Tuesday, August 4, 2009

The minds of Midwest VCs: Reform, commercialization czars and beware the gullible angel investor

July 31, 2009 by Chris Seper  

Original article at MedCity News

COLUMBUS, Ohio — Life-science entrepreneurs seem more concerned about the impact of health-care reform on the medical industry than the companies that will invest in them do.
Eight venture capitalists gathered Thursday evening at TechColumbus to discuss bioscience innovation in the state. The audience included a mix of start ups, portfolio companies and research institutions trying to navigate their way into the panelists’ pockets.
The investors, all of which operate in Ohio, do worry about the impact of state reforms than federal. There is already concern about the fate of Ohio’s Third Frontier program, for example, which is scheduled to end in mid-2012. David Scholl, a partner in Athenian Ventures and president of Diagnostic HYBRIDS, thinks an end to the program at that point would undercut its success in funding research and nascent businesses in the state.
A question from the audience provoked less concern: What will happen to the value and potential of life-science startups if there’s a national health-care program? The questioner thought it would depress values.
“The deals we’ll look at may potentially change” based on changes in reimbursements, said Portal Capital’s Bill Stuart. But other panelists considered federal reform more of a wild card. One thought: A national health-insurance program may encourage entrepreneurs to go out on their own since they wouldn’t have to factor their own health care as much as they do now.
But the non-existent IPO market, potential tax changes for venture funds, and longer time between investments and a return have a bigger impact for investors, they said.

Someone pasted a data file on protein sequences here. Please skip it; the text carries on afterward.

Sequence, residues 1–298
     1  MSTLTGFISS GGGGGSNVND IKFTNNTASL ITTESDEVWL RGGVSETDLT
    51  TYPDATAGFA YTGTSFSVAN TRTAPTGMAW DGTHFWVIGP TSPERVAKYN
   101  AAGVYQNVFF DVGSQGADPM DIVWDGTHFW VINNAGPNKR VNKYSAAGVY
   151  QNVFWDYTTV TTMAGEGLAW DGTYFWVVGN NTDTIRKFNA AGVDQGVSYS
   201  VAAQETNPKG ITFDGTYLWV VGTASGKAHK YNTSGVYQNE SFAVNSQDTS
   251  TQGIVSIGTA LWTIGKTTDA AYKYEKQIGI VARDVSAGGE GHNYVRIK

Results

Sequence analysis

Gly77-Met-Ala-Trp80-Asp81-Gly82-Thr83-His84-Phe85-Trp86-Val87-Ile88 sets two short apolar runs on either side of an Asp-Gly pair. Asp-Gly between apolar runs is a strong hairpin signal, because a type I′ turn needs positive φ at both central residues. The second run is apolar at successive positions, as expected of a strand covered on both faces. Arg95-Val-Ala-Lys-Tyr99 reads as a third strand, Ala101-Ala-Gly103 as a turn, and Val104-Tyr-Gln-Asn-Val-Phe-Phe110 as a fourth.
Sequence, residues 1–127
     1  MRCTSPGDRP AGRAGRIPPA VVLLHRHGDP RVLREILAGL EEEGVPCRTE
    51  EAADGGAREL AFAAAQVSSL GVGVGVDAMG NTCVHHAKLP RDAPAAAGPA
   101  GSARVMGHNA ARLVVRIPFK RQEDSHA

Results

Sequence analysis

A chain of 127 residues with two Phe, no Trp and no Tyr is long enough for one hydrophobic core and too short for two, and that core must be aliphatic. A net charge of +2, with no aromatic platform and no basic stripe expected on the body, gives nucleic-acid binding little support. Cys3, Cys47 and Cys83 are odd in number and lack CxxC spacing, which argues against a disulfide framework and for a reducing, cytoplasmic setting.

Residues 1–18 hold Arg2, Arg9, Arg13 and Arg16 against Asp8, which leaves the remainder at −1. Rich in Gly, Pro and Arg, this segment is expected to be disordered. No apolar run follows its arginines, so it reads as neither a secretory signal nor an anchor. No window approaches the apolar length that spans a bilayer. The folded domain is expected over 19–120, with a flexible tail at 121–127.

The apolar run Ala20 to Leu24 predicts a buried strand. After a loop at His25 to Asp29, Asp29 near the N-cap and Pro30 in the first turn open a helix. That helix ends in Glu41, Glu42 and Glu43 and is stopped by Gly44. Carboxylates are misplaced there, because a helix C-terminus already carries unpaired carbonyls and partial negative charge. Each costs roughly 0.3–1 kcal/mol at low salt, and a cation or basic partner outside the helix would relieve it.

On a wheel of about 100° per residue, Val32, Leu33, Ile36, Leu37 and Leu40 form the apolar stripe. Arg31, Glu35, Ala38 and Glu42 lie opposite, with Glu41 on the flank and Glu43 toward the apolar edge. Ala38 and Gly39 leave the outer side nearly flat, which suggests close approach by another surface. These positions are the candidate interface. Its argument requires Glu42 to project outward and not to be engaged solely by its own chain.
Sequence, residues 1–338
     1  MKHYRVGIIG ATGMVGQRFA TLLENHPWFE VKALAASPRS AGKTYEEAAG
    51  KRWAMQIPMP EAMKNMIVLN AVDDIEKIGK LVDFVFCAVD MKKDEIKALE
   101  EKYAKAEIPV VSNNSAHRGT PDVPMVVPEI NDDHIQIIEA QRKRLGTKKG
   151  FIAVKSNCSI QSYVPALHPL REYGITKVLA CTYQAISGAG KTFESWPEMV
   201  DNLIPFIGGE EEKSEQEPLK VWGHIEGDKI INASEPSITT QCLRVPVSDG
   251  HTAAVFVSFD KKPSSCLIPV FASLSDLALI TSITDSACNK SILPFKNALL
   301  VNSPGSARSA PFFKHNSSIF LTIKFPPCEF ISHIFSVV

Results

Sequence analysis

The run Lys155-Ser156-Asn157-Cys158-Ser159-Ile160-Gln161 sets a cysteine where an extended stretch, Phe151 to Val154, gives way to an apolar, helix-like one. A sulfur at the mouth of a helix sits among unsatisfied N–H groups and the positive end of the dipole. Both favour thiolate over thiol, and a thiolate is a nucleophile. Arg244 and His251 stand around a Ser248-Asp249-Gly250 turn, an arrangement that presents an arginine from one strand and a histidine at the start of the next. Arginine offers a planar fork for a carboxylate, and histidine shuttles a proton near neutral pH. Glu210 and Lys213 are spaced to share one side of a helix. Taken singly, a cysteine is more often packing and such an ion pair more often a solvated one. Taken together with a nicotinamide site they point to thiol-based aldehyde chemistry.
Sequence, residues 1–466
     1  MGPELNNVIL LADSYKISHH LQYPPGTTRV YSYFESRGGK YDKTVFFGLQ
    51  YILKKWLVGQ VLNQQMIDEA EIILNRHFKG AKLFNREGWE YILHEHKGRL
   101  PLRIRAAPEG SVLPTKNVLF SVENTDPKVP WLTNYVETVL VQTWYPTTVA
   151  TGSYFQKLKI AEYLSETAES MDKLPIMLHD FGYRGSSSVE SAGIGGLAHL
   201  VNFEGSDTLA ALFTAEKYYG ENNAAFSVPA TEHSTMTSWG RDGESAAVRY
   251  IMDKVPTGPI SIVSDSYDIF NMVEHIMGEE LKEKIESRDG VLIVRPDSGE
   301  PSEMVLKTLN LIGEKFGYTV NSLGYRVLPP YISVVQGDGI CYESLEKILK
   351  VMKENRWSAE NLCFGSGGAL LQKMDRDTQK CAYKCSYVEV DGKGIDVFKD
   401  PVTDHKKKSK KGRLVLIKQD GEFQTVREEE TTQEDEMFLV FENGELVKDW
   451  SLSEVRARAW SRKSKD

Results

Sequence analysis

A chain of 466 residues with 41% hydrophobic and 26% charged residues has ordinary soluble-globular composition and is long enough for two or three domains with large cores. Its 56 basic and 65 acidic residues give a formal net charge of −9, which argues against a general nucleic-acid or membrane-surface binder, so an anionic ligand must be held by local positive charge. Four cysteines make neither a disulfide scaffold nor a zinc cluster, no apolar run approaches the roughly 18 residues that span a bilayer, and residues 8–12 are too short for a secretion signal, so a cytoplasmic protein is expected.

“If (reform) attacks litigation and overmedication… then the market might get smaller and there may be some impact in that regard,” said Mark Richey of Draper Triangle Ventures. “But a solution and technology that creates better health outcomes — that creates opportunity.”
The investors had other thoughts, which you can read and hear below:
Ritchey, on entrepreneurs who focus too much on finding investors who will take small equity stakes, followed by Scholl, discussing why Ohio should consider a “commercialization czar.”

< Peter Kleinhenz, of CID Capital Partners, on SBIR reform that could give venture-backed firms more federal dollars: “Legislative people have to get over the bogeyman — we’re not the bogeyman. We don’t do R & D. SBIR does R & D. We do commercialization. We’ve created a lot of jobs.”
John Rice, of Triathlon Medical Ventures, on having 63 life-science focused firms in Ohio: “There’s enough venture capital here now that companies can get started, stay here and not move away.”
Dan Fleming, of River Cities Capital Funds, on founder equity. “There’s never been a company that is so capital efficient that the founder is able to keep a larger founder’s share of the company. Usually it’s 80 percent to the investor and 20 percent to founders.”
Kleinhenz, on what investors are looking for: “It’s hard in the Midwest to be picky about the space because you have to be ready for anything that comes by.”


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